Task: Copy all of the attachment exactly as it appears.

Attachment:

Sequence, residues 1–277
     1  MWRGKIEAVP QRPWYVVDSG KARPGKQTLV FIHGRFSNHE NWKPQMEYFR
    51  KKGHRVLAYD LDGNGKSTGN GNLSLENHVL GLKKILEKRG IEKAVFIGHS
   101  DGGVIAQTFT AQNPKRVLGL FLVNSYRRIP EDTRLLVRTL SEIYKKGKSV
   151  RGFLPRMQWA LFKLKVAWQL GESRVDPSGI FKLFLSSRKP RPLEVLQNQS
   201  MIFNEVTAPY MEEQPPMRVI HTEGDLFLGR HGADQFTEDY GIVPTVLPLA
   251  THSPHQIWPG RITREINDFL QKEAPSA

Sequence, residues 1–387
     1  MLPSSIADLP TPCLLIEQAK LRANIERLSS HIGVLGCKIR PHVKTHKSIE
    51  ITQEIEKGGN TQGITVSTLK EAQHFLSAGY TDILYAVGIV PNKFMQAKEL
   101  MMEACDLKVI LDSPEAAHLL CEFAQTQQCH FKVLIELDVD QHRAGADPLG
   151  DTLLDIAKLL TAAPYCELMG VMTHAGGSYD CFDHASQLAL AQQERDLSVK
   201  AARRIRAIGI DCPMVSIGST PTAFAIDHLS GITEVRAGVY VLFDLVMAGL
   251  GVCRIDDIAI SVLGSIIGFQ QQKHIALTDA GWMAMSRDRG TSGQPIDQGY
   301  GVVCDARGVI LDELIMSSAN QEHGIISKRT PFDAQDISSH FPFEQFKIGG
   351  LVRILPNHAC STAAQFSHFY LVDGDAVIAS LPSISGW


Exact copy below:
Sequence, residues 1–277
     1  MWRGKIEAVP QRPWYVVDSG KARPGKQTLV FIHGRFSNHE NWKPQMEYFR
    51  KKGHRVLAYD LDGNGKSTGN GNLSLENHVL GLKKILEKRG IEKAVFIGHS
   101  DGGVIAQTFT AQNPKRVLGL FLVNSYRRIP EDTRLLVRTL SEIYKKGKSV
   151  RGFLPRMQWA LFKLKVAWQL GESRVDPSGI FKLFLSSRKP RPLEVLQNQS
   201  MIFNEVTAPY MEEQPPMRVI HTEGDLFLGR HGADQFTEDY GIVPTVLPLA
   251  THSPHQIWPG RITREINDFL QKEAPSA

Sequence, residues 1–387
     1  MLPSSIADLP TPCLLIEQAK LRANIERLSS HIGVLGCKIR PHVKTHKSIE
    51  ITQEIEKGGN TQGITVSTLK EAQHFLSAGY TDILYAVGIV PNKFMQAKEL
   101  MMEACDLKVI LDSPEAAHLL CEFAQTQQCH FKVLIELDVD QHRAGADPLG
   151  DTLLDIAKLL TAAPYCELMG VMTHAGGSYD CFDHASQLAL AQQERDLSVK
   201  AARRIRAIGI DCPMVSIGST PTAFAIDHLS GITEVRAGVY VLFDLVMAGL
   251  GVCRIDDIAI SVLGSIIGFQ QQKHIALTDA GWMAMSRDRG TSGQPIDQGY
   301  GVVCDARGVI LDELIMSSAN QEHGIISKRT PFDAQDISSH FPFEQFKIGG
   351  LVRILPNHAC STAAQFSHFY LVDGDAVIAS LPSISGW